BLM will reseed land burnt by Cosgrove Fire

Later this month, more than 25,000 pounds of seed will be scattered by plane across the portion of federal land burned by the Cosgrove Fire last August. A mix of nine native plant seeds will be dropped on 1,744 acres in Little Book Cliffs Wilderness Study Area and Little Book Cliffs Wild Horse Range, the Bureau of Land Management announced Monday.

The fire, caused by lightning, was allowed to burn to create new forage in the dense pinyon-juniper habitat for wild horses and other wildlife. The BLM hopes that reseeding will further improve the ecosystem of the area, about eight miles north of Grand Junction.

Olathe Spray Services will drop some 14.8 pounds per acre from a crop-duster-type plane over two days. The reseeding will occur by April 1. When, exactly, depends on weather conditions, according to BLM spokesman David Boyd.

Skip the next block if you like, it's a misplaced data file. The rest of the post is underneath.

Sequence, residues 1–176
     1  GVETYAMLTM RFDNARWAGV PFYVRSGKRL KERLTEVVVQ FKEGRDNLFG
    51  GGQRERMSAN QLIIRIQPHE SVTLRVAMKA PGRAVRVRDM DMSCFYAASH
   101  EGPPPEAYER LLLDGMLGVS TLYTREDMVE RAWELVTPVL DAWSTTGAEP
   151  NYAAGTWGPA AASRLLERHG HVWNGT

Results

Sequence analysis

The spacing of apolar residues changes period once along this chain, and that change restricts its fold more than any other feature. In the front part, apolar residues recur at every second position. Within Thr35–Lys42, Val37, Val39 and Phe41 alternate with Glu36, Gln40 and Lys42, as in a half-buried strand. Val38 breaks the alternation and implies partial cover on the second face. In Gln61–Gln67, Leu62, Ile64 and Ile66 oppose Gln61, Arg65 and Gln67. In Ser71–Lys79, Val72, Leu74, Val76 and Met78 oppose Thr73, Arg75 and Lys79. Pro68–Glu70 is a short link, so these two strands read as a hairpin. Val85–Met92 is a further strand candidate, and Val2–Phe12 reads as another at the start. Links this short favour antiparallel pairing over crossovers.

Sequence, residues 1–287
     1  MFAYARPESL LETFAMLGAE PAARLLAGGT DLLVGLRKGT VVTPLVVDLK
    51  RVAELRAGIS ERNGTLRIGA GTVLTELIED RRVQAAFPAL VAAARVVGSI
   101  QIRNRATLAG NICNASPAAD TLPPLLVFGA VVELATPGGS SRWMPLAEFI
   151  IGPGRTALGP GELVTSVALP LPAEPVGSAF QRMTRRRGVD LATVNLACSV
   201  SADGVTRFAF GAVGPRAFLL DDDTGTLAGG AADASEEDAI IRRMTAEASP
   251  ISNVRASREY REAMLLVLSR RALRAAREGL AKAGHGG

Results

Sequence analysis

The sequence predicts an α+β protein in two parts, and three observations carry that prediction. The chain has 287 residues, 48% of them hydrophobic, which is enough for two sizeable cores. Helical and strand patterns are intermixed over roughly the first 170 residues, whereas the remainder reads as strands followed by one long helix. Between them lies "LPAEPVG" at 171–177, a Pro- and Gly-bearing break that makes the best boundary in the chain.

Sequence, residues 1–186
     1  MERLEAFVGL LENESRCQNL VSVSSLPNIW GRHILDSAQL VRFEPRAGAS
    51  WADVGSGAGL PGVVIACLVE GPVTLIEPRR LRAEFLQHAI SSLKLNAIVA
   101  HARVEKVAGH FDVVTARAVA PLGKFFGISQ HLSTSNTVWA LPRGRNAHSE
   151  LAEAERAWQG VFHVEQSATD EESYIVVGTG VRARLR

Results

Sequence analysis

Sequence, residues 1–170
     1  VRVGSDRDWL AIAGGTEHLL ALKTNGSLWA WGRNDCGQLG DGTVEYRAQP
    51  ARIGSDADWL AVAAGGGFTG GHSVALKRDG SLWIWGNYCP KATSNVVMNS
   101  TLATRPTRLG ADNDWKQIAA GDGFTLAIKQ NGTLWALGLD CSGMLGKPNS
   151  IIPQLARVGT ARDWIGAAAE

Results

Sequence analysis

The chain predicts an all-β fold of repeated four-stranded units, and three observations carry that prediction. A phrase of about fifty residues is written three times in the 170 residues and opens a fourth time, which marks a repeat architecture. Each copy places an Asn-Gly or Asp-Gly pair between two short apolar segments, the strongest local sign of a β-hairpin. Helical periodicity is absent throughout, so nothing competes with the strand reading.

“Ideally, we would like it to follow a fresh snow, but it will happen as soon as possible,” he said from the Rifle office.

This follows standard practice, he said. Reseeding after a fire generally occurs in the early spring or late winter so there is enough moisture.

“We are applying this native seed ahead of the spring growing period to minimize the potential for non-native cheatgrass to invade the area,” said Christina Stark, BLM’s resource advisor on the Cosgrove Fire, in a statement.


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